Ms. Marshall. It is building on the foundation which has been laid.


Mr. Kind. How?


Ms. Marshall. It would require a state to measure its student's progress either by a state-level test or a norm reference national test. Obviously most states would be choosing those that have been developed over the last five years.


Mr. Kind. Doctor?


Dr. Moloney. Having worked at the federal, state and local level, I think that the dilemma you have is the accountability that is represented to you that people say to you, vote for this and you will have that; unfortunately, the life gets squeezed out of it as it moves down to the state and local level. By the time it gets to the school building, if you went out there and looked at the thing you voted for, you wouldn't recognize it. And that is just the nature of institutional bureaucratic behavior. We have met the enemy, and the enemy is us.


Chairman Goodling. The vote on the floor is on the rule. We will resume at 11:15 a.m..



Chairman Goodling. Ms. Woolsey.


Ms. Woolsey. Thank you, Mr. Chairman. I would like to thank the panel. You are probably aware that there has been another school shooting in the suburbs of Atlanta, Georgia, this morning.

I would like to ask first Dr. Moloney and then the rest of you to talk about how this program, how Straight A's, would impact changing the violence that we are seeing among our youth. And I know there are lots of solutions that it is just not school-related, but because you are here talking about school programs, Dr. Moloney, start with how you think that Columbine may have had a different result had this bill been in effect?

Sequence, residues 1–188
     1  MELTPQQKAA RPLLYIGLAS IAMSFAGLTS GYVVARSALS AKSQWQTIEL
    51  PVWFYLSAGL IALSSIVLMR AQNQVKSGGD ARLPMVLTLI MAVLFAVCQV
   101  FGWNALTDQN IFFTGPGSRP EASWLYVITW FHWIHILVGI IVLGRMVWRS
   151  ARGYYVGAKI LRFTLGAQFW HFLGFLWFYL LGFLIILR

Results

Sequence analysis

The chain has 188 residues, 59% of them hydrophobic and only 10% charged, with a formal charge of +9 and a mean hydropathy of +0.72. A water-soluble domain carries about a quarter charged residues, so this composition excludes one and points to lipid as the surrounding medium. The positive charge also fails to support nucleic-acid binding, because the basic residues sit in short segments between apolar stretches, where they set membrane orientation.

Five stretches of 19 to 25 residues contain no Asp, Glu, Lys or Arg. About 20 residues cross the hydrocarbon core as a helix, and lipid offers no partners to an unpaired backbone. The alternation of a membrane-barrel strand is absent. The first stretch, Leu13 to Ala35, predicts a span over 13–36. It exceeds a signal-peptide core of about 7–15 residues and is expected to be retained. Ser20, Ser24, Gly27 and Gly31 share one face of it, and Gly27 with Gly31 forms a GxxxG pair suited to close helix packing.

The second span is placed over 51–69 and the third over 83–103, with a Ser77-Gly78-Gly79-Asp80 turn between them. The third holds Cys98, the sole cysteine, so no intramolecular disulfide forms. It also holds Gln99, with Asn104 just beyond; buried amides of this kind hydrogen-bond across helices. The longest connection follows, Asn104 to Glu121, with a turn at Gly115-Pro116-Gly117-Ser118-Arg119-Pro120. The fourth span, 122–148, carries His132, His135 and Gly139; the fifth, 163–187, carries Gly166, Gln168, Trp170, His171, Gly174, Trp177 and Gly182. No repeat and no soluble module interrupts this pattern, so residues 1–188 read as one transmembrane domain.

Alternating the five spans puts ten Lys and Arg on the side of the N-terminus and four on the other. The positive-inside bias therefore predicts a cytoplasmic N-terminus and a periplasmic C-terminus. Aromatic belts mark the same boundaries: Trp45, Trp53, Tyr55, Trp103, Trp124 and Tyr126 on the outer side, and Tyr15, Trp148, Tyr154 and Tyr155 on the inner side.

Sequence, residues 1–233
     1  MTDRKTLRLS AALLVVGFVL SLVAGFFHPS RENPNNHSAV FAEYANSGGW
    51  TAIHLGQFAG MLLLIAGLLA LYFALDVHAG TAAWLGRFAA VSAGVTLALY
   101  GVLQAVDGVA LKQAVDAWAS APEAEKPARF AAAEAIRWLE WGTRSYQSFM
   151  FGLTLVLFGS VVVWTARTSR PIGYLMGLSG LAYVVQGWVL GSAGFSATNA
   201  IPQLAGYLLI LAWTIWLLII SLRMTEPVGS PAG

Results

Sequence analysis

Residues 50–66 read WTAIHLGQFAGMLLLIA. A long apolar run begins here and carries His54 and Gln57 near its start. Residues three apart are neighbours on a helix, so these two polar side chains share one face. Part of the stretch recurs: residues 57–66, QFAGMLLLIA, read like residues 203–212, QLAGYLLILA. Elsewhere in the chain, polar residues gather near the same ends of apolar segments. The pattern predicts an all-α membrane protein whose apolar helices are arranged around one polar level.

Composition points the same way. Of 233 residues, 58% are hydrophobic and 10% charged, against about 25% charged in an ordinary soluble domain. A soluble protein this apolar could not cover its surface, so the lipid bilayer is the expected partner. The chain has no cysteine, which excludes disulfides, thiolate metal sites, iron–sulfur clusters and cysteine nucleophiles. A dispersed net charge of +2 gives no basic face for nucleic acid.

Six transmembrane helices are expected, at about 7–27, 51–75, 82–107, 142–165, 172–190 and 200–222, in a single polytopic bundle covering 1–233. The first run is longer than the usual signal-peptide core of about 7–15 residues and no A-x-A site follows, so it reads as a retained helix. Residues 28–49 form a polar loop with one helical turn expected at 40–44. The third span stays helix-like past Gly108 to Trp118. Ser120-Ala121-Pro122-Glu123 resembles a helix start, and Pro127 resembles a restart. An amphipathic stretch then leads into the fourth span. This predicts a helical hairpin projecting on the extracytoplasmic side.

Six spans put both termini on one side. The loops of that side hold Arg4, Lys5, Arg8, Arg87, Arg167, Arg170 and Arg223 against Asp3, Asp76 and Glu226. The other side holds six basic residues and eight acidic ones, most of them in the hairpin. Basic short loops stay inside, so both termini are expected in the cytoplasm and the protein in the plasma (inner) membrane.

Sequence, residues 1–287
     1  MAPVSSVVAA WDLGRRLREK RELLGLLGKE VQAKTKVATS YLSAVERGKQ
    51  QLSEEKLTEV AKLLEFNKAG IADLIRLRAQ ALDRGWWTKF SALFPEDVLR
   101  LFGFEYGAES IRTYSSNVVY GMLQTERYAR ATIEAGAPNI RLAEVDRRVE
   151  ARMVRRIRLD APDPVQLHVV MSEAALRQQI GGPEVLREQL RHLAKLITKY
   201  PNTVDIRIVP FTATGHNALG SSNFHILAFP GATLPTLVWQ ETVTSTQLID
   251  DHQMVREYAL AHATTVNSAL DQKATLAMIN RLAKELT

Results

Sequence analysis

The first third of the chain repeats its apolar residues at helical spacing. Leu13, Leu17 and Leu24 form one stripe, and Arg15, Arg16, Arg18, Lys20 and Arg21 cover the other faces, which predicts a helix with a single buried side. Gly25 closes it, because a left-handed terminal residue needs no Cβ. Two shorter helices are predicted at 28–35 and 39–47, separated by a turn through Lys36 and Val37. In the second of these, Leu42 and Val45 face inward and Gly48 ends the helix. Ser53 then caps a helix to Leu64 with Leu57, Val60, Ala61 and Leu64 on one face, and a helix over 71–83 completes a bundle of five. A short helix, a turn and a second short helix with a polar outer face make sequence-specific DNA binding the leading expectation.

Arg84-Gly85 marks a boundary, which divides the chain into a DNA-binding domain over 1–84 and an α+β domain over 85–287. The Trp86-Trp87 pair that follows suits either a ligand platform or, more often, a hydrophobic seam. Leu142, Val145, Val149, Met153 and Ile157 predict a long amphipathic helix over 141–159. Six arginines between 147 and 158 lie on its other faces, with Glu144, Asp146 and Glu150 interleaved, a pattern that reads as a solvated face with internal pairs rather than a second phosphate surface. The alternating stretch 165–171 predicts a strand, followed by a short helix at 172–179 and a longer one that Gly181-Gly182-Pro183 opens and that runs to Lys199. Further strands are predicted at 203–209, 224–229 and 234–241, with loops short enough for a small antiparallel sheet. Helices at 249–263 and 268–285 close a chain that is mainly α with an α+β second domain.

Dr. Moloney. Well, let me start this way, and obviously this has been absorbing us over the last month.

One of the most difficult things we are facing is that school and that district desperately needs help, and one of the first places that they turned to was us. By their nature, the federal cupboard was bare. We don't have the flexibility to say, my God, this is such an extraordinary thing, I am going to take some money from here. Can't do that.


Ms. Woolsey. What would you have done about it before the Columbine tragedy, and how would it have prevented it?


Dr. Moloney. In all honesty I could not suggest that this program or any other would have prevented that. The causes of Columbine are much deeper than that.


Ms. Woolsey. The education piece of it. I know that it is deeper.


Dr. Moloney. The education piece is that over many years we have for good intentions deconstructed the American high school. The reality of high schools today is so different from what they were before, is so different from what high schools are in other industrial nations. It is no accident that consistently the worst achievement results we get at the national assessment, on which board I am on, are at the high school level.

The elementary schools, pretty decent run for your money. Every book written about reform, Sizer, Boyer, talk about high schools. We took them apart, and now we are suddenly surprised to see that there are consequences to the dramatic retreat of adult authority.